When I was in college, my brother took a trip to Thailand. When he returned to the United States he presented everyone with gifts and the gift he gave me was Maniac Cop 2. Unfortunately, the movie was in Region 3 since it was bought in Asia and I couldn’t play it on anything I could get my hands on. I always regretted that. My brother had no idea that the DVD wouldn’t work and somewhere in my travels I lost it. It’s probably a lot easier to watch it now, Region 3 or not. Still, the movie intrigued me and he bought it for me because it had Bruce Campbell in it and he knew I was a huge fan of the Evil Dead series.
Over the years I continued to be a fan of the Evil Dead but also a fan of Bruce himself. He seems to love all of the fans of schlocky horror and is really good at poking fun at himself. He finally achieved more mainstream success when he got a main role in Burn Notice. So, yes, Bruce Campbell attracted me to finally checking this movie out. However, it also includes three other notable actors in it as well. Tom Atkins is arguably the lead protagonist of the movie and you may know him from my favorite movie from the Halloween franchise (Halloween 3: Season of the Witch). Richard Roundtree makes a prominent appearance, an interesting break from all of his Shaft movies. Finally we have Robert Z’Dar whose strange bone structure is easily recognizable especially in movies like Soultaker (easily one of my favorite MST3K episodes).
I should probably mention the elephant in the room. This movie is about a man dressed as a police officer murdering people. Lately this has become a frighteningly commonplace news item to see an officer of the law killing a suspect or innocent person with excessive force. Of course, this isn’t a new thing. All of us alive at the time remember the Rodney King beating and the riots that ensued. Before that there was the excessive force employed against the civil rights movement in the sixties. There have been many other instances of a person with a badge overstepping the boundaries and injuring or murdering somebody. Obviously, this movie draws on that fear we feel when we see a cop car or a police officer in public even though we have done nothing wrong. I’m glad that the protagonists are also cops which helps remind us that their are good guys out there too.
The movie is actually far from a cheap eighties afair that I thought it would be. They actually poured quite a bit of money into it and the effects and cinematography are top notch for a horror film. The movie has a similar feel to movies like Death Wish and Wolfen. A lot of movies back then had a dark, grainy quality that worked with horror movies like this. One year later Batman would be released but this movie feels like it’s from the late seventies instead. New York is shown as indifferent, paranoid and angry especially when it comes to police officers. It’s not an optimistic film nor does it have any sunny characters. Even Bruce Campbell is without his trademark quips.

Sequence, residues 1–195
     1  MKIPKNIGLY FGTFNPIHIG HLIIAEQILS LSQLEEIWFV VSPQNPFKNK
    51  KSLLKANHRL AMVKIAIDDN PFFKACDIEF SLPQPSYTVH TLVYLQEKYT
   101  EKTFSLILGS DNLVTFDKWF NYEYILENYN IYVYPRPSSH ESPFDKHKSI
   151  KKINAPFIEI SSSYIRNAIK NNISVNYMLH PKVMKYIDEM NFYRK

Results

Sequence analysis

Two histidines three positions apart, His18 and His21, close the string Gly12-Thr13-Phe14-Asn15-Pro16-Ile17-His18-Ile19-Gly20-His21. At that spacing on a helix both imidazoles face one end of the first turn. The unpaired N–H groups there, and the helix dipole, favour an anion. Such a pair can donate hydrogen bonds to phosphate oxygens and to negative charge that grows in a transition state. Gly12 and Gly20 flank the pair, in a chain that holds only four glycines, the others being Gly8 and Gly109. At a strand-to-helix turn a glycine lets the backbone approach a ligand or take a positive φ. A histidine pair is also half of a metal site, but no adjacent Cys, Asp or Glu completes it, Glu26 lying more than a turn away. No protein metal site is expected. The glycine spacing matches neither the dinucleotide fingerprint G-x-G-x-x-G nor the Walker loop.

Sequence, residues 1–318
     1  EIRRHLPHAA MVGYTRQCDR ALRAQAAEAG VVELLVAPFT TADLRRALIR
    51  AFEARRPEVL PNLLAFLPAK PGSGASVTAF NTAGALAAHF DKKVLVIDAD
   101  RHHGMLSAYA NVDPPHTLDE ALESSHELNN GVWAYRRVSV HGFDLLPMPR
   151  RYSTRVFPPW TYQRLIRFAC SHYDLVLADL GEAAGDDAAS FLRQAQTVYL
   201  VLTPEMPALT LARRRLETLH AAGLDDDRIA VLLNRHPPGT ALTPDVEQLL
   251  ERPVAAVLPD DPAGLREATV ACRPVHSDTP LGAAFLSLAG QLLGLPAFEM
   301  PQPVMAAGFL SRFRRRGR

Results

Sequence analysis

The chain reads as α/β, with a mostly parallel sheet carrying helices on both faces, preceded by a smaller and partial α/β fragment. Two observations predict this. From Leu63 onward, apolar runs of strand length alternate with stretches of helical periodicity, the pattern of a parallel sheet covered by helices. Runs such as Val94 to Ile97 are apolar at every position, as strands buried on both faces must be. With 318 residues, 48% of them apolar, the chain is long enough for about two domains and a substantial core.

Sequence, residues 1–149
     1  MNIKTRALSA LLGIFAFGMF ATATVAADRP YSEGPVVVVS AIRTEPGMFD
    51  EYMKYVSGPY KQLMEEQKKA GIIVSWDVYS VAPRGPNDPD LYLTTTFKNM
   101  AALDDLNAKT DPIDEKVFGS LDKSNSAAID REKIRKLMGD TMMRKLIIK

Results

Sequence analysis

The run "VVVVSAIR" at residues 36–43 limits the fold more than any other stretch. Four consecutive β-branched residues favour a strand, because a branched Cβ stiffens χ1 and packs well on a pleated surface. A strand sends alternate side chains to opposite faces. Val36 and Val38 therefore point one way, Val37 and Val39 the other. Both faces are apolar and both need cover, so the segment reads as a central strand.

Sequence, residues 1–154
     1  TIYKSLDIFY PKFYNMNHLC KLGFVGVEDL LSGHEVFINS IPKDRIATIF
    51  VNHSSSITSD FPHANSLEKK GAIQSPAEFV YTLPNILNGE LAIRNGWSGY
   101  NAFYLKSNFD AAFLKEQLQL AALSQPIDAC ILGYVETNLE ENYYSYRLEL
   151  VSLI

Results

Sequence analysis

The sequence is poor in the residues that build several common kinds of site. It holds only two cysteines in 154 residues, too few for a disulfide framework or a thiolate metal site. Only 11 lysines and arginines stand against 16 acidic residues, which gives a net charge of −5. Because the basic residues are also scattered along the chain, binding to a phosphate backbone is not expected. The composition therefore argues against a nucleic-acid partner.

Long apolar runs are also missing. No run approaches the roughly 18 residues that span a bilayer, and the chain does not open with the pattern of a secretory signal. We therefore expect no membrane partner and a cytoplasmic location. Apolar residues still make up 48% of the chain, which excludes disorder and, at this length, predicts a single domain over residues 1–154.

This was a movie about a police officer, back from the dead to kill the innocent and those who wronged him. Easy comparisons could be made to Jason Voorhees or Michael Myers but this killer is far more intelligent. By keeping the villain silent and shooting him beautifully, they were able to keep him mysterious and menacing until the end of the movie. I definitely recommend checking this one out as it has a lot of good, suspenseful fun.
(Check back here at noon for the next movie!)
This past year, we lost a legendary horror writer, producer and director in Wes Craven. Craven created several horror franchises that are still well known today. He created The Hills Have Eyes (a movie I almost reviewed in this spot) about mutated killers that has been slightly ripped off over the years. He created the Scream franchise which isn’t really my cup of tea but it helped to revitalize horror in the nineties. He also created a list of creepy but interesting horror films, most of which are being remade these days. The greatest thing he accomplished, at least in my opinion, is the Nightmare on Elm Street series of films.
Freddy Krueger is an interesting character. Sure, none of the movies have an intricate character study of the guy but he’s always there and he’s always a very clear character. He was a school janitor who preyed on children in life. The parents of Elm Street rose up against him and ended up burning him to death. Of course, there’s more backstory than that but the end result turned him into a dream demon. He seeks to punish the descendants of the people who killed him and then after that it seems he seeks to conquer the world. Robert Englund always performed the roll with a sarcastic, punny wit wrapped around a bitter, angry core. He really likes killing teenagers but it’s also now part of what he is. They keep expanding on the mythology while keeping it fairly loose for the next writer.
I honestly thought I had seen Dream Warriors, afterall I had heard the Dokken song enough times. When Wes Craven died I knew that I had to review one of his films for Halloween and I started to look through his filmography. I thought of doing something recent like Red Eye and I thought of doing something more obscure like Shocker. The longer I looked at the poster for Nightmare on Elm Street 3, the more I was sure that there were gaps in my knowledge of the series. This was great news. I quickly tracked down the movie and decided to watch it for me and for this Halloween review series.